It is about time that goi cuon, one of the true staples of Vietnam, receives an honorable mention. Fresh Vietnamese spring rolls, also called salad or summer rolls, can be found on pretty much every menu throughout the country. I’ve completely lost track of how many times we’ve had them since we got here (we’ve probably surpassed our spring-roll-count from Berlin where Tony used to make them quite frequently).

What totally perplexes me, again and again, is how foreign travelers avoid them like the plague. What’s wrong with fresh herbs, vermicelli and shrimp rolled up in moistened rice paper? How about variations with grilled pork, beef, chicken or fish? Doesn’t that sound delicious? Well, apparently not. Rather than choosing this healthy snack, many tourists go for the Chinese-style fried spring rolls. Greasy spring rolls dripping in oil. Yuck! Needless to say, I’m not a fan.

Perhaps, they haven’t tasted any of the dipping sauces that accompany the fresh rolls. The choices are between hoisin sauce, peanut sauce, or nuoc cham, my favorite dip made of lime juice, water, sugar and fish sauce, which takes the dish to another level.

My advice: move out of your comfort zone and cut down on fat. You’re welcome. 😉


When we first came to Vietnam, we had committed ourselves to a relatively low-maintenance trip focused on food and fun. Somehow, the adventure just seems to find us. Mere hours into our overnight trip from Hue to Hanoi, the train unexpectedly stopped on the tracks outside Donghoi. For hours, no movement. Although the train was full of foreigners, no announcements in English, no helpful conductors, nothing. Just rumors.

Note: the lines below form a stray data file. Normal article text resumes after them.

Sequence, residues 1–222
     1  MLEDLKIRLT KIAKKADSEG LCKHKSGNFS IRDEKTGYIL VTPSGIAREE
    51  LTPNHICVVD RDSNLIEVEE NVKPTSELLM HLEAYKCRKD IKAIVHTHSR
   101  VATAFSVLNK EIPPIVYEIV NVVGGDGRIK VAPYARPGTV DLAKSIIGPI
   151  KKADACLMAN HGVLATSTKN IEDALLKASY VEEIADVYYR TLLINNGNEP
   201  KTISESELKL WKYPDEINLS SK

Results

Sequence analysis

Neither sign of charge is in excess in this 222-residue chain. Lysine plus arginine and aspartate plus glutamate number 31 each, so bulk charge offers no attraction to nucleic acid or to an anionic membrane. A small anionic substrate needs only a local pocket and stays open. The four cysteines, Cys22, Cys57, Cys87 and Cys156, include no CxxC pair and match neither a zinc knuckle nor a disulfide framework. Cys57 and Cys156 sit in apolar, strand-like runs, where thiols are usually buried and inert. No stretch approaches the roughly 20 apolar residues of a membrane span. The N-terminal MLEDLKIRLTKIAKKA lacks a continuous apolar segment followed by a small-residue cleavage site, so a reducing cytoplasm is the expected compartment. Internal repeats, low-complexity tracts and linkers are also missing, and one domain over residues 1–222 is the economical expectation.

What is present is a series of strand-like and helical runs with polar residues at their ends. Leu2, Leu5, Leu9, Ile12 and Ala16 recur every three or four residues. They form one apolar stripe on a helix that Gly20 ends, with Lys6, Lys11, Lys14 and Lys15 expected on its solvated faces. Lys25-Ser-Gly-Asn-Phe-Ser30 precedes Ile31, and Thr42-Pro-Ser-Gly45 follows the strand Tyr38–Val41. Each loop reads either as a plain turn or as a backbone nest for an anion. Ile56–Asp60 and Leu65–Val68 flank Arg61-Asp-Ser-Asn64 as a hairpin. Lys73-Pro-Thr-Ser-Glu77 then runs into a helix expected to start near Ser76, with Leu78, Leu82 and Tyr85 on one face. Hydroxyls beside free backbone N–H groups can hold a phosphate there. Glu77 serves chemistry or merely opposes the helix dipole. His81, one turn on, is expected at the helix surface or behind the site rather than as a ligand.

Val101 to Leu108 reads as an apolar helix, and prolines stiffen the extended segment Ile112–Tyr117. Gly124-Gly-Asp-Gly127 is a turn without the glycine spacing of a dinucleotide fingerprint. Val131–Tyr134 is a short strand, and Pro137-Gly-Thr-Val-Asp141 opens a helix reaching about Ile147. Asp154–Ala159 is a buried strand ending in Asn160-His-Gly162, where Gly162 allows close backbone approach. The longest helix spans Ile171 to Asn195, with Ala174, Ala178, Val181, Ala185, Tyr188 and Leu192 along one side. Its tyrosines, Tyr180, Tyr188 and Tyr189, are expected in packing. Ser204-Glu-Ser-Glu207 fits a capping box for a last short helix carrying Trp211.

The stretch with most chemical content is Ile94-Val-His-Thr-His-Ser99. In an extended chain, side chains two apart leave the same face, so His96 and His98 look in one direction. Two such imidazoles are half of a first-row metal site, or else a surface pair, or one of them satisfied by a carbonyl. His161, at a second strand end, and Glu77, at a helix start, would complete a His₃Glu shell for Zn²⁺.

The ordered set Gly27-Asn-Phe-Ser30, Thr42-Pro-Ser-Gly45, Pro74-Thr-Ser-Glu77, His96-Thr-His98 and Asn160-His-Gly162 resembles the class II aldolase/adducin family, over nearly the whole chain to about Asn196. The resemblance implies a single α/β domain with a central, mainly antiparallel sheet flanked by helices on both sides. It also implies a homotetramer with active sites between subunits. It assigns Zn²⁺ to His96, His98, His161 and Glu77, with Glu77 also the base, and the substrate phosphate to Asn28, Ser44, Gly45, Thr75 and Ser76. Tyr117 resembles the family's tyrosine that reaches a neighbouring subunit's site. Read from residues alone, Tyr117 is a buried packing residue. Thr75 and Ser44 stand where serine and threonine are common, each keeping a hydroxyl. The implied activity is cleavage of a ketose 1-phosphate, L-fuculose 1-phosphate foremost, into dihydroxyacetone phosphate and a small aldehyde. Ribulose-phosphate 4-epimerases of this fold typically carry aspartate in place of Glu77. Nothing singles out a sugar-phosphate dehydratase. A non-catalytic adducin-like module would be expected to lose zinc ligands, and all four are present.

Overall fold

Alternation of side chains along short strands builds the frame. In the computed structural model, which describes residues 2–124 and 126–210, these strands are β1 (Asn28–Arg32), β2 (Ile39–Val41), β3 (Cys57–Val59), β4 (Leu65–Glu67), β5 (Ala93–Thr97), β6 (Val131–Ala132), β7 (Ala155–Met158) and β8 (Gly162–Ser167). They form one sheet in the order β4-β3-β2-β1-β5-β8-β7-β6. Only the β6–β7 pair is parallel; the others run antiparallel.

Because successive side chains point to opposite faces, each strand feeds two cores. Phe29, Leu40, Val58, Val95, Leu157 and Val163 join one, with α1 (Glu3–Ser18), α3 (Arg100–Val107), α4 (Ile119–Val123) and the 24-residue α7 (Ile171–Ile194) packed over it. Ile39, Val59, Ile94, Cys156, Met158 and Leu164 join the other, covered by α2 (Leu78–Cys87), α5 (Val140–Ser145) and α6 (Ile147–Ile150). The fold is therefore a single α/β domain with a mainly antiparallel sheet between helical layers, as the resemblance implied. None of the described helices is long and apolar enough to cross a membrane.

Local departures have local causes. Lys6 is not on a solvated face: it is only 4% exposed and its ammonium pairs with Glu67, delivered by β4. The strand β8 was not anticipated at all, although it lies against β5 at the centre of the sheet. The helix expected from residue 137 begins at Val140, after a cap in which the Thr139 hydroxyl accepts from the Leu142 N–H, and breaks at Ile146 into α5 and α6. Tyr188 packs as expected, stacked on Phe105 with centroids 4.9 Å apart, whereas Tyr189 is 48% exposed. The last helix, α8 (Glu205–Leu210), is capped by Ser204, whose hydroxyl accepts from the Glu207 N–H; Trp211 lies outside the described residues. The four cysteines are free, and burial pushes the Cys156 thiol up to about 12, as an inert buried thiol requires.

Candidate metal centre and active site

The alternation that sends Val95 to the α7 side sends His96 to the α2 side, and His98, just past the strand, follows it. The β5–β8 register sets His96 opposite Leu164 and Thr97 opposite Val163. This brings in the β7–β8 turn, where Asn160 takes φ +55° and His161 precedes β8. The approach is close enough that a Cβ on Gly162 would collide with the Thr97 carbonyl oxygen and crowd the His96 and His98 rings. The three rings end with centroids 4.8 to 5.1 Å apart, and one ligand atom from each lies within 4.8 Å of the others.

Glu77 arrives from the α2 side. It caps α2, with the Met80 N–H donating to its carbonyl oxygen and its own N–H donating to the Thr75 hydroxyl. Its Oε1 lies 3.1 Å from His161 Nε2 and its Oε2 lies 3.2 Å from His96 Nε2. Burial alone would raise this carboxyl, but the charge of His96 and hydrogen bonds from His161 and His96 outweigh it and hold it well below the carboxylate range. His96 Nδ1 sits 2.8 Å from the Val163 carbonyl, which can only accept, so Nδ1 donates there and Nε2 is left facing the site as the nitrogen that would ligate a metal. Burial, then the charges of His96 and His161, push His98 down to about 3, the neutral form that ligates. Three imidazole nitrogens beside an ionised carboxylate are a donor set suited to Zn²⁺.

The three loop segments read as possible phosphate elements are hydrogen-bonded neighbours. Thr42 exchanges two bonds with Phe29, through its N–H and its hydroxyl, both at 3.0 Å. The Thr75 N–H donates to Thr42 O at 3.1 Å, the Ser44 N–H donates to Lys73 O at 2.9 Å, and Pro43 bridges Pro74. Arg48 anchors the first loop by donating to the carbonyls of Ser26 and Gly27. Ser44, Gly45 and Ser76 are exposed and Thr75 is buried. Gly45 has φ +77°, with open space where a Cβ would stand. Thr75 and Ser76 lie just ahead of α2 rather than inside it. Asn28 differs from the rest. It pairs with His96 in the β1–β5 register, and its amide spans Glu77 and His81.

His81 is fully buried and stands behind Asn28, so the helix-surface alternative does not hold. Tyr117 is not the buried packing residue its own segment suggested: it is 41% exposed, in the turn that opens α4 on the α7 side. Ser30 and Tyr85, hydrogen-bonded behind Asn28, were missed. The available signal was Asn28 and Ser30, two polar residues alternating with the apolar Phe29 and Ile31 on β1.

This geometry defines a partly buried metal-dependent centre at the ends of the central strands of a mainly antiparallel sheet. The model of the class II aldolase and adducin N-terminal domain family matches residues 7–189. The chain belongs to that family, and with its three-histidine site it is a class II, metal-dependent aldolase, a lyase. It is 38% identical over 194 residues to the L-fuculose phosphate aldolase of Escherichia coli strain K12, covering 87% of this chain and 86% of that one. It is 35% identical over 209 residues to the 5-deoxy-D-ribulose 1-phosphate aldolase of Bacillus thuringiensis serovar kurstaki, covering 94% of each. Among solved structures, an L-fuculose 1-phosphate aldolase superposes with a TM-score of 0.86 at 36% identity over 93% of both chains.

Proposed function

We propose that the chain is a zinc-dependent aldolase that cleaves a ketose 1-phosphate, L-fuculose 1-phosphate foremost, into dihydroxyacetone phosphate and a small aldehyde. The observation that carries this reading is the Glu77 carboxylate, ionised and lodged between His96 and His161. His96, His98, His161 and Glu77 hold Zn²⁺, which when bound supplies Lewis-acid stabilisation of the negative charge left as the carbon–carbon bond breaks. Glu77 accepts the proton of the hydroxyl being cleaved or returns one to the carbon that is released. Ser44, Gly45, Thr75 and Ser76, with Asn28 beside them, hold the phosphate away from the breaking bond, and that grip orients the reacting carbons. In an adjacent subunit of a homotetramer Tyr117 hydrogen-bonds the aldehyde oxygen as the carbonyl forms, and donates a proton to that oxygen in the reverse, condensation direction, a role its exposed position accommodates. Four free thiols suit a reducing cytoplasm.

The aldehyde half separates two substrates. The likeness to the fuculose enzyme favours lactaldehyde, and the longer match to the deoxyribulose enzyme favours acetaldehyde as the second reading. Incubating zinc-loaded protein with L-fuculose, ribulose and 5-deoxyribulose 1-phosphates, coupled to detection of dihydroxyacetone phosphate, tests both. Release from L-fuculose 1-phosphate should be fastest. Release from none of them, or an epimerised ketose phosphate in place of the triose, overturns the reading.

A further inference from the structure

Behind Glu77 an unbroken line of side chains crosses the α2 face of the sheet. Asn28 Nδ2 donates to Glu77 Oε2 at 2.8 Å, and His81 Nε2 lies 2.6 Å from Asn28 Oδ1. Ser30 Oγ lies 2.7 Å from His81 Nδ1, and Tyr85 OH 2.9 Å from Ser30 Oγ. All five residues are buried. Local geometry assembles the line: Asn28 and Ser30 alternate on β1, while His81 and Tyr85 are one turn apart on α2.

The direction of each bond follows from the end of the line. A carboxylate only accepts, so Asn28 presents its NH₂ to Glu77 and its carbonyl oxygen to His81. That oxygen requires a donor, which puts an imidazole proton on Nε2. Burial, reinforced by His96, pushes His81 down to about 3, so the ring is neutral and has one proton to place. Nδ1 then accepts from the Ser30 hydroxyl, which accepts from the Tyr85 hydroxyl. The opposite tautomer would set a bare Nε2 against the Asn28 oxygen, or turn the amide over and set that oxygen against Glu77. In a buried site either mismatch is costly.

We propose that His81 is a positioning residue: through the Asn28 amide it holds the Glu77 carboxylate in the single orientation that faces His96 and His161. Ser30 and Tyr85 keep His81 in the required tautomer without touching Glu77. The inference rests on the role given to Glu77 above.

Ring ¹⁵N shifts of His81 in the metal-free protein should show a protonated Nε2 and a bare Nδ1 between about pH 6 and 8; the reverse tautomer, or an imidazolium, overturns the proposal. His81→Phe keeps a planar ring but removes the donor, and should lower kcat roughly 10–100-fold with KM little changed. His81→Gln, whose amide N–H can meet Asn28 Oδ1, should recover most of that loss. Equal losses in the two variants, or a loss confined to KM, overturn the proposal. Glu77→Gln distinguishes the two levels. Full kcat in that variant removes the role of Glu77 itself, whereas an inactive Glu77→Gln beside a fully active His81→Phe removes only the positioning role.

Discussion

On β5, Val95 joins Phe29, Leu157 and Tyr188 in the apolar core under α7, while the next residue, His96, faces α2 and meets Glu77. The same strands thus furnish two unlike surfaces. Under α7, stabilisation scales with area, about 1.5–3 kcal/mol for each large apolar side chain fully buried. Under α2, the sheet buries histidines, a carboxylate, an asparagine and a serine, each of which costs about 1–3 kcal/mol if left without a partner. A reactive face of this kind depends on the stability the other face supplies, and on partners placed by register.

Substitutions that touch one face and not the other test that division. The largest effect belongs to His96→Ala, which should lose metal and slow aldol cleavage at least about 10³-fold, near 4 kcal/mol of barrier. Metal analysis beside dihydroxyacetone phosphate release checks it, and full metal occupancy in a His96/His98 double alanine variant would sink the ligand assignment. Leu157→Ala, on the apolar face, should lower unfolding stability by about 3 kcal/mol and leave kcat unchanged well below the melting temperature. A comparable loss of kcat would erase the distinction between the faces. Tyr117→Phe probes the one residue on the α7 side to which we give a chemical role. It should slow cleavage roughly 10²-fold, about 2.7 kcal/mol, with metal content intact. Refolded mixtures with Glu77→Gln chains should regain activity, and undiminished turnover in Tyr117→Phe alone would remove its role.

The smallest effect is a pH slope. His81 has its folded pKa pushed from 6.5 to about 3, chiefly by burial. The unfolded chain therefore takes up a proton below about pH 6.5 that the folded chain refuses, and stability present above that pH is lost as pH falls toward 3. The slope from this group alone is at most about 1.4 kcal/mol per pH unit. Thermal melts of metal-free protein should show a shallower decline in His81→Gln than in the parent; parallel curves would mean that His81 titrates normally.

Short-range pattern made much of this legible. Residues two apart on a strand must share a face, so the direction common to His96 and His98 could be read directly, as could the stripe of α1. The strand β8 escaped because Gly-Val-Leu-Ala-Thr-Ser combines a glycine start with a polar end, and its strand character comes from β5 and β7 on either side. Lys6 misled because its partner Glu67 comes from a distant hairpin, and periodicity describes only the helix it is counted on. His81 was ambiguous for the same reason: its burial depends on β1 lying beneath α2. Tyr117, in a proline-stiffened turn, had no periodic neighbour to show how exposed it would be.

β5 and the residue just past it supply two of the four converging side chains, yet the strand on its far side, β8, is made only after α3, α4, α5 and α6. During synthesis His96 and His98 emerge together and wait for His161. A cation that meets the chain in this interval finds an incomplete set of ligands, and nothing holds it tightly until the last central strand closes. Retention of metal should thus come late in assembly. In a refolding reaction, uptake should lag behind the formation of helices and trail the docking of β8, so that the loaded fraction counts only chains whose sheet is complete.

Eight hours later, no announcements, no official statements, but through cellphones and mobile Internet access, passengers had determined that all of central Vietnam seemed to be under water. Stories circulated that flood waters had covered not only the tracks, but also roads leading onward to Hanoi as well as back to Hue – evidently, we were trapped. Still, no official information. I have to admit that, at the beginning, I found the situation rather amusing because it recalled my early travel days in bureaucratically mind-locked China.

After 11 hours, my humor started to fade. Rumors started to circulate that we would be on the tracks for an additional day. After 13 hours, those rumors suggested we might be there for three days Continue…

Guess Who’s Coming to Dinner

“What was that sound?” I asked Thomas as I took another serving of caramelized pork.

Thomas reflected and savored his last bite of river eel with green banana, “I think the electric fan is rusty. It’s just squeaking.”

“Oh, OK.” I responded.

I was eying the last bit of mustard leaves sauteed with garlic when a thump, thump, thump announced our guest’s arrival Continue…